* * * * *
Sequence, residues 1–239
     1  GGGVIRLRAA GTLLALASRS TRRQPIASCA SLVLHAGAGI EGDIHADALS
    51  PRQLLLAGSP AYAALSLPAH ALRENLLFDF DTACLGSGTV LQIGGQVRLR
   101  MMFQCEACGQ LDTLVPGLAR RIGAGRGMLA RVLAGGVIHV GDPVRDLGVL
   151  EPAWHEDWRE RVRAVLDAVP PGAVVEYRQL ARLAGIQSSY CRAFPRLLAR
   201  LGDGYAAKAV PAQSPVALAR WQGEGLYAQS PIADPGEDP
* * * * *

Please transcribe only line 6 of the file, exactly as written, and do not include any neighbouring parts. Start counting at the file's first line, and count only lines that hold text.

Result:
   201  LGDGYAAKAV PAQSPVALAR WQGEGLYAQS PIADPGEDP